[Date Prev][Date Next][Thread Prev][Thread Next][Date Index][Thread Index]
Re: [APD] Aquatic vs Aquarium Plants
Scott, You wrote:
>Some folks even call some sorts of molded plastics,
yea, they might call them plants but it's sort of like putting lace on a
IMHO , them red graveled, bright pink plastic plants with a pirate skeleton
that tips a jug of rum looks so ugly but to each their own.
I know most kids like that artificial look but that's teaching them that
fishkeeping is just a colorful fad and not a responsibility. We should be
teaching them about maintaining a natural habitat thus helping them to
understand the importance of being responsible and respecting nature.
But them I could be wrong, Tell me waht you think America at
----- Original Message -----
From: "S. Hieber" <shieber at yahoo_com>
To: "aquatic plants digest" <aquatic-plants at actwin_com>
Sent: Tuesday, April 13, 2004 3:10 AM
Subject: Re: [APD] Aquatic vs Aquarium Plants
> Well, the words mean what people use them to mean, no more
> no less.
> When one asks what a word means, it's only nautural to also
> ask, "who is using, and how."
> Some folks even call some sorts of molded plastics,
> Scott H.
> --- Stephan Mifsud <labmdp at waldonet_net.mt> wrote:
> > Steve Pushak said: 'The "definition" of aquatic plant is
> > made entirely
> > based upon arbitrary
> > classification for some other purpose; there is no hard
> > biological
> > distinction.'
> > This is something which bothers me. I think we are
> > constantly using the term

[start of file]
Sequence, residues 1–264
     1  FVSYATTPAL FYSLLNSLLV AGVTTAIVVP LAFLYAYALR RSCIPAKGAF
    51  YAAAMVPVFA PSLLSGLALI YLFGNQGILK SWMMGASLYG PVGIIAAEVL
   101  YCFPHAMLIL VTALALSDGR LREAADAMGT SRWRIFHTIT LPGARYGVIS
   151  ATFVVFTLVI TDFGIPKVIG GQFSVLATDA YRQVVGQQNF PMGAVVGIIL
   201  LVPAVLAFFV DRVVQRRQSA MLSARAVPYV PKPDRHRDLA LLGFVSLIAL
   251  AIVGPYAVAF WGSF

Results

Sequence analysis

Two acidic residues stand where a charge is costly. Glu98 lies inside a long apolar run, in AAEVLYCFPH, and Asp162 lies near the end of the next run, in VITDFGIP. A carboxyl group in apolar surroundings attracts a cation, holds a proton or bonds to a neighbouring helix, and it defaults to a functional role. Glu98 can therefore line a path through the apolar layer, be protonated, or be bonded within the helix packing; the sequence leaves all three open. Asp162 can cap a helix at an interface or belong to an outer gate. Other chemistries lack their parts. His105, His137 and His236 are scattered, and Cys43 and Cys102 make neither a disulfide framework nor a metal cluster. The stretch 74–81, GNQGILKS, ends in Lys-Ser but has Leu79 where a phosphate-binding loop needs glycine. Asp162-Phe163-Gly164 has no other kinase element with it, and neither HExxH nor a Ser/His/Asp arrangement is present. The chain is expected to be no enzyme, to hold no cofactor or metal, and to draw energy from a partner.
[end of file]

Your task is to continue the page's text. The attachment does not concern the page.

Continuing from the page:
> > 'aquatic-plants' instead of 'aquarium-plants'. There ARE
> > distinct biological
> > characterics that are only found in aquatic plants. A
> > truely aquatic plant
> > grows in water, in Nature, and the aquatic habitat is
> > essential for it to
> > complete its life cycle. This defenition rules out marsh
> > plants, rheophytes
> > and other water-side plants such as Samolus, Saururus,
> > Anubias and a host of
> > other plants which we routinely grow in aquariums.
> > Many of the latter live in places which are routinely
> > flooded so they can
> > adapt to life in/under water, which is why they are
> > suitable for aquariums.
> > They live naturally in such conditions because they can,
> > not because they
> > need to, so why call them aquatic? We frequently see
> > humans and dogs in the
> > sea but that does not make them marine mammals.
> > Try convincing a botanist that 'lawn grass' is aquatic
> > just because you have
> > grown it in an aquarium!
> - - - - - - - -
> AGA 2004 Annual Convention
> Designing The Nature Aquarium -- demonstrated by Takashi Amano
> Paludarium design -- Mike Senske
> Planted Aquarium Ecology -- Diana Walstad
> Cryptocorynes -- Jan D. Bastmeijer
> Field Trip, workshops and more, Nov 12, 13 & 14;
> Marriott Crystal Gateway, Arlington, VA, USA
> Details & Registration at www.aquatic-gardeners.org & www.gwapa.org
> Do you Yahoo!?
> Yahoo! Small Business $15K Web Design Giveaway
> Aquatic-Plants mailing list
> Aquatic-Plants at actwin_com
Aquatic-Plants mailing list
Aquatic-Plants at actwin_com